As you enter week 14 of your pregnancy, you're much less likely to still be experiencing sickness. You may feel slightly more tired, and you're likely to need to take more toilet breaks than you're used to. Keep your baby and yourself healthy and happy with some gentle exercise, such as walking, swimming or yoga.
You should have much gentler pregnancy symptoms in week 14, but peek inside and you'll see plenty going on. When you're 14 weeks pregnant, what to expect?
- pregnancy symptoms in week 14 include running to the loo, and a brand new bump
- everyone wanting to talk about your exciting news
- a bit more energy to take on light exercise
you at week 14
You're definitely in your second trimester now, so symptoms like sickness should be a thing of the past (although some mums do feel nauseous for the next few months – sorry!). You'll need to run to the loo more often this week, as the blood flow to your kidneys increases and your bladder takes on more work than it's used to. You might feel a few mild aches in your lower tummy as the ligaments supporting your womb stretch and shift. These are sore, but nothing to worry about unless you're also experiencing a fever or any bleeding (if you are, phone your midwife or doctor).
your baby at week 14
Brand new facial muscles are getting a real workout as your little one pulls lots of funny faces. Their body is growing faster than their head now, which is sitting on a much stronger neck. Their arms are almost in proportion, but their legs still need to grow longer. Your little bean is getting bigger every day, and now they'll be about the size of a lemon.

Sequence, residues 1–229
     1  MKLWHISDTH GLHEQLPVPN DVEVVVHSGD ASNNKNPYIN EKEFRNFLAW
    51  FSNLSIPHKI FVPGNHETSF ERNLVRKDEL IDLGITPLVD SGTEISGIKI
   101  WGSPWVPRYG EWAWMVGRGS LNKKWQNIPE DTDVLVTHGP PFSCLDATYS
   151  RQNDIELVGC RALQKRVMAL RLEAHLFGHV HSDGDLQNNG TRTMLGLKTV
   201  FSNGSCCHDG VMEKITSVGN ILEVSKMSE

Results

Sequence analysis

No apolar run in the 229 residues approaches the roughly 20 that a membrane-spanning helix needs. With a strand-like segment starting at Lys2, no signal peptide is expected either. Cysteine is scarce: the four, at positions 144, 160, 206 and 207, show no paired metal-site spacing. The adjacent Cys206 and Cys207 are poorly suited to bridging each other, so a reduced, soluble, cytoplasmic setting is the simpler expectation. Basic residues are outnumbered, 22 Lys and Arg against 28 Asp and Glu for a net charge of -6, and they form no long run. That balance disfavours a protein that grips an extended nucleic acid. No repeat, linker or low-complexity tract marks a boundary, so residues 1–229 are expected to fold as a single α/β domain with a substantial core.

things to do in week 14
Keeping fit during pregnancy is good for your health and for baby's, and light exercise like swimming and walking are best. If you've not already signed up for a pre-natal yoga class, now's a good time to do it. You've probably told everyone your happy news by now, and so this week you'll probably be getting lots of questions, advice and suggestions from excited friends and family members. Take everything with a pinch of salt, as their tips and stories are based on their own experiences and it might be different for you.